Nelson Mandela didn’t just change the world, he changed how we see the world.
Recovering PoliticianTHEN: Republican Candidate for New York Governor (2010); Suffolk County (NY) Executive (2003-2011); Member, New York State Assembly (2000-2003) NOW: President of Common Sense Strategies, a political, governmental and business consulting firm Full Biography: link
When it was announced that President Obama was going to be visiting Israel I thought it timely to forward my humble suggestion as to how we can have a breakthrough in the Palestinian-Israeli conflict. How about buying from the Palestinians the land they once lived on and is now the state of Israel.
For the last several decades, negotiators had tried to curb the violence by seeking a two-state solution. Israel would claim a hands-off policy to a neighboring Palestinian State while the Palestinians would simultaneously acknowledge Israel’s right to exist.
The reason this proposal never moved forward is because it did not get to the root of the anger that lies beneath this controversy. In order to fashion a lasting peace, we first have to look back to the manner in which the conflict erupted upon the founding of Israel in 1948.
There were four major players in this scenario: the United Nations, the British, the Jewish people and the Palestinians. It is hard to say that any one of these entities was the bad guy. Millions of Jews who were uprooted by Nazi tyranny were, after World War II, in a state of shock with no home and needing to regroup. The U.N., with the best of intentions, looked to provide these dispersed Jewish populations with a singular homeland where they could grieve for their dead and start anew. The British would retreat from its colony after having tried unsuccessfully to fashion a Jewish homeland since the 1917 Balfour Declaration. It was a magnanimous gesture. The only problem is that they created the new nation of Israel on land that many Palestinians had called their own. Palestinians were actually uprooted and forced to flee the area. So, one can see the burning hostility that would boil within the Palestinian people.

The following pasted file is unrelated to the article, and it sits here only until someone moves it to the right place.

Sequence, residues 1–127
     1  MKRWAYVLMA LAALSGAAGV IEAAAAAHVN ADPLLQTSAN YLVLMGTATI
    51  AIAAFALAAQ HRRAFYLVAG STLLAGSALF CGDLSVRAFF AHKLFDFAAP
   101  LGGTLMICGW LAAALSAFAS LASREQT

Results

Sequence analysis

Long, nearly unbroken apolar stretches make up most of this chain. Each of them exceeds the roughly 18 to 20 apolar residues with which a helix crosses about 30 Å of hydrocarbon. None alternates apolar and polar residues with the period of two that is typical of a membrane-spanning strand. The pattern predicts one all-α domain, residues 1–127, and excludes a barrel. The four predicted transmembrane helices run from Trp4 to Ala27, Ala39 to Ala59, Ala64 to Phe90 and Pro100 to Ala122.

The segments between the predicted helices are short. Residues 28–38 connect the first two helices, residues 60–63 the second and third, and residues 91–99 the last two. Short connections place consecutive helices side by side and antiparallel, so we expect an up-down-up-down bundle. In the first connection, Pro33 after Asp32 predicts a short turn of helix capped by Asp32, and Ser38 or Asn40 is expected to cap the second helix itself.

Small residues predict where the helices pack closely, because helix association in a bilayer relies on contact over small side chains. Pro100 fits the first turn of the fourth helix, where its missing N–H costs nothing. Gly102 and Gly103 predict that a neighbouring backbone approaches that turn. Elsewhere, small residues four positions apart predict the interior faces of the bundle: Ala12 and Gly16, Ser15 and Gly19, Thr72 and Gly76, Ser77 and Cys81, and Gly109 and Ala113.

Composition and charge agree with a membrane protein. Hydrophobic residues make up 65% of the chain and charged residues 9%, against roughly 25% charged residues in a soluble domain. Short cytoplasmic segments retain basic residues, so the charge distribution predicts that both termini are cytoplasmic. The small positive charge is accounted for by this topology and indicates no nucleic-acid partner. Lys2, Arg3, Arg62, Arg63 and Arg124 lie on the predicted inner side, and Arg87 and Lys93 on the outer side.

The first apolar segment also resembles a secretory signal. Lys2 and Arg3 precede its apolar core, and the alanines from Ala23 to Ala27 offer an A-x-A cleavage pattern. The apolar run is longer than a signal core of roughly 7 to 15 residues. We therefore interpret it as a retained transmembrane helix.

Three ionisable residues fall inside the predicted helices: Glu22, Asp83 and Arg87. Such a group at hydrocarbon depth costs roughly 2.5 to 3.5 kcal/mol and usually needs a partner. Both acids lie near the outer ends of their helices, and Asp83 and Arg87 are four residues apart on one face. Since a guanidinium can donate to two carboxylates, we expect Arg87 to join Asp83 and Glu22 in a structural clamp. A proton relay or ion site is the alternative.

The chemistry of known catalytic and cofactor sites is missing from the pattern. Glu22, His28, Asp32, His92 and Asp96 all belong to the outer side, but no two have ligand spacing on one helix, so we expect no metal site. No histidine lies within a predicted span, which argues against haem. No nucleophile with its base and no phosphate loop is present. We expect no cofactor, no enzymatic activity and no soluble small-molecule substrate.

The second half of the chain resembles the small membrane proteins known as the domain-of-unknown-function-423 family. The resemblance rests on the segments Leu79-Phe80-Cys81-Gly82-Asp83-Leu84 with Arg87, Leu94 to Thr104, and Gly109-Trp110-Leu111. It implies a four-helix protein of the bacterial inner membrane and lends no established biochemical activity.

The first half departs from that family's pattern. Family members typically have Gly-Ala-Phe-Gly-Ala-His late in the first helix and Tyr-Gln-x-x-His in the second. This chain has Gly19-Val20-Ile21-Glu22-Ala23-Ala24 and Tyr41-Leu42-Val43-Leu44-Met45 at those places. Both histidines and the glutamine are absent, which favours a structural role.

By the same token, it is hard to expect the Jewish population at this point to have rejected this offer to control their own destiny through their own government. The problem comes in when some inject into the argument that one people has more of a God given right to the land than another. I can’t imagine the person on the losing end of that argument feeling very good about themselves.
The Jewish people were merely trying to survive in peace. They were not seeking to conquer their neighbors or to hurt anyone. On the other hand, an angry Palestinian population that was kicked off their land, was feeling a sense of humiliation. They have mistakenly concentrated their anger upon the Jewish population and have vowed revenge. Thus we had attacks on Israel in 1967 and again in 1973.
More recently, Israelis have been bombarded with haphazard shellings from over their border. The restraint shown by the Israeli people is incredible. I doubt that Americans would be so restrained if we were being bombed every day from a bordering state. A foreign power attacked our buildings once and we rightfully responded with an overwhelming military fury.
Many Arab leaders, who are despots in their own right, have used anti-Semitism as a way to create a nationalistic jingoism to distract their poverty stricken constituents from the leaders’ evil ways. Their schools teach their children to despise Jews are the Devil. Is it any wonder that these younger generations grow up with such hatred toward the Jewish people.
But Israel, America and others seeking the long-term survival of Israel must understand the humiliation and the frustration that many of these generations have harbored – in part due to the repression that they face through occupation, and even more so from the fact that they were kicked off of their land without any compensation.